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(Image: The Many Biggie Smalls)
Art by Fashionura

As a longtime blogger, there are a handful of exit strategies available that can be taken to define your career as a success: become a respected journalist and start your own publication, get your blog bought out by Complex, or take on the sidekick duties for a successful meme rapper. All great options, but I think I may have reached the pinnacle of my career through a different route: being cited in a wikipedia entry for the Live Squad and Tupac:
(Image: 33jones cited in wikipedia)
The article cited in wikipedia was one I had written several years ago to track down the history behind the name "Biggie Smalls" and the many people who took on the moniker. There have been a few updates since that time - the biggest being that a photo of the white and/or Latino Biggy Smallz surfaced - so I've cleaned up the article and the youtube links, adding in some updates, and re-posted it below:

The first time I ever heard the name Biggie Smalls, it was on one of those old NBA "movies" they used to put out back in the early 90's that was equal parts highlight package and music video. The song, like the movie itself, was called Jam Session, and featured Biggie along with Heavy D and Troo Kula, one of the emcees that rolled with Bad Boy in its early days but never actually got a record deal with the label. A year later Ready to Die came out, and Big had changed his name to The Notorious B.I.G. It seemed like a poor marketing decision, as the name certainly didn't roll off the tongue quite the same way that "Biggie Smalls" did. There were rumors that Big had been forced to change his name due to a lawsuit from some white kid out in California, but that seemed rather unbelievable and the Internet hadn't quite evolved to where it's at today so it was impossible to track down any proof of it anyway. I hadn't given the name change much more thought until very recently, when I began preparing for an interview with Majesty, the brother of Tupac's friend and former Live Squad member Stretch. It turned out that there was indeed some truth to the rumors behind Big's name change, but the legacy of the Biggie Smalls name was even more complicated than that.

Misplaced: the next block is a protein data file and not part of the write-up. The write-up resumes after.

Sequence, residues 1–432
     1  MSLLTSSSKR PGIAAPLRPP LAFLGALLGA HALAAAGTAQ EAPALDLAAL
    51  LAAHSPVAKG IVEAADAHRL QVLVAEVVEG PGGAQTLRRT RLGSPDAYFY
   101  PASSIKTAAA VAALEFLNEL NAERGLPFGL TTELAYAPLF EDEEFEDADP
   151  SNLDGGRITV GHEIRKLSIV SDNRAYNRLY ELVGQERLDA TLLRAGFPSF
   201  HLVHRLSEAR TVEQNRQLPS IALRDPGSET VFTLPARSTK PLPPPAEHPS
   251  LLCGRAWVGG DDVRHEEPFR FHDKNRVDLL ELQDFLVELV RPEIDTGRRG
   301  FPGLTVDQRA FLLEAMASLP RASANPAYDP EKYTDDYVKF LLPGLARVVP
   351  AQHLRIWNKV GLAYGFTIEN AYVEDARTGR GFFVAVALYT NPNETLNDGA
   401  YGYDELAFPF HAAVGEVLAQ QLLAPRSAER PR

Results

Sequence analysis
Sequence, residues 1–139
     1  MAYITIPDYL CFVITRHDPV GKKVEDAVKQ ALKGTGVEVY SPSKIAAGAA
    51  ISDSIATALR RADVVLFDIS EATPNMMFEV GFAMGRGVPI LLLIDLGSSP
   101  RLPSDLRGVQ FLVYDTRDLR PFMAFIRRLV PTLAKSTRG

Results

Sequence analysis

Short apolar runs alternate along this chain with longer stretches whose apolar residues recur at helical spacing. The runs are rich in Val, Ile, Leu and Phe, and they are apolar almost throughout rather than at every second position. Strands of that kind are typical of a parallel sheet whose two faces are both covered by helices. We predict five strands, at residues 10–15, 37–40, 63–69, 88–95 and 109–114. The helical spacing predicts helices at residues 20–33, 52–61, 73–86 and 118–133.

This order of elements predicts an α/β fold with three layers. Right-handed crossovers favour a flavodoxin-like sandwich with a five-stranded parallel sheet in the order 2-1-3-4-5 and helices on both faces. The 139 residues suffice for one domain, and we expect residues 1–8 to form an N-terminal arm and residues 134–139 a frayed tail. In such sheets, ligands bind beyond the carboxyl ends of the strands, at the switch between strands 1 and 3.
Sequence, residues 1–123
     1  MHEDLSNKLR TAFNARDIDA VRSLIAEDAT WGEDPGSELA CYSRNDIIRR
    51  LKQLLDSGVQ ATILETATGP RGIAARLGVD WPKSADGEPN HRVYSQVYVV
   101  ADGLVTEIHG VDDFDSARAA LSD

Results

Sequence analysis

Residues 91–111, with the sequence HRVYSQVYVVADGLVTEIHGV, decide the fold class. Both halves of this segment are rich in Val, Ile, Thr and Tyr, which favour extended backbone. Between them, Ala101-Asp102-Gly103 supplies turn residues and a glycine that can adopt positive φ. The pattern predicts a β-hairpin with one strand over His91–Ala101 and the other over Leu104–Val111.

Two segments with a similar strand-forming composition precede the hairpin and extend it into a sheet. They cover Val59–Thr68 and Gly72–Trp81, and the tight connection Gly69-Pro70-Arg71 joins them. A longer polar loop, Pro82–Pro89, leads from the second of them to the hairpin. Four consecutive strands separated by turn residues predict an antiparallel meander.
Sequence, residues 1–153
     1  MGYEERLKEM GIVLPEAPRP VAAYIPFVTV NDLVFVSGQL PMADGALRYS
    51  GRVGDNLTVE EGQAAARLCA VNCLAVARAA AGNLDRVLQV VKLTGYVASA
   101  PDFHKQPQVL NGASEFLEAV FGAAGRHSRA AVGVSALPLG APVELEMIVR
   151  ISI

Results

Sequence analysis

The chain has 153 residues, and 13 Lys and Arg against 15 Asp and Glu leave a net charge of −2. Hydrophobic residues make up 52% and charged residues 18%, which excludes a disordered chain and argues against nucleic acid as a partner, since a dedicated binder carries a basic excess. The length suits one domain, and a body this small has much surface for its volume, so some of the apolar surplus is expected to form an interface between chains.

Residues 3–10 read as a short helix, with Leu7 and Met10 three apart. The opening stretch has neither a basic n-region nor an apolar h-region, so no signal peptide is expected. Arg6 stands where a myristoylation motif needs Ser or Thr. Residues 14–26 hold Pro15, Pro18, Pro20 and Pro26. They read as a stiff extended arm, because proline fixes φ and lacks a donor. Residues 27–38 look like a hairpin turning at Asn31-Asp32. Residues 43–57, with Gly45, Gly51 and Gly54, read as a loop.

During the early 90's, there were at least four people using some variation of the name Biggie Smalls and, not altogether coincidentally, they all were affiliated in some way with Tupac and his Thug Life movement. Everyone is of course familiar with Christopher Wallace and the fact that Pac served as something of a mentor and friend to him up until the night that Tupac was shot at Quad Studios, but details on the other men carrying the mantle of Biggie Smalls have been hard to come by.

At the same time that B.I.G. was recording his debut album, there was a white rapper (or possibly Latino, details on this have been hard to nail down) out in California going by the name Biggy Smallz who had a loose connection with Tupac through producer Johnny J. The discogs entry for Biggy Smallz claims that he was born in 1979, but I'm fairly certain that's incorrect as it's hard to envision someone that young rolling with Pac and his crew (if discogs' birthdate were correct, that would have made Biggy Smallz about 14 years old around the time that Ready To Die came out). The story seems to be that Tupac, as a favor to Johnny J, asked Christopher Wallace to change his name to avoid any confusion with Biggy Smallz (as it turned out, the confusion in names helped Biggy Smallz out, as his own records saw boosts in sales shortly after Ready to Die came out).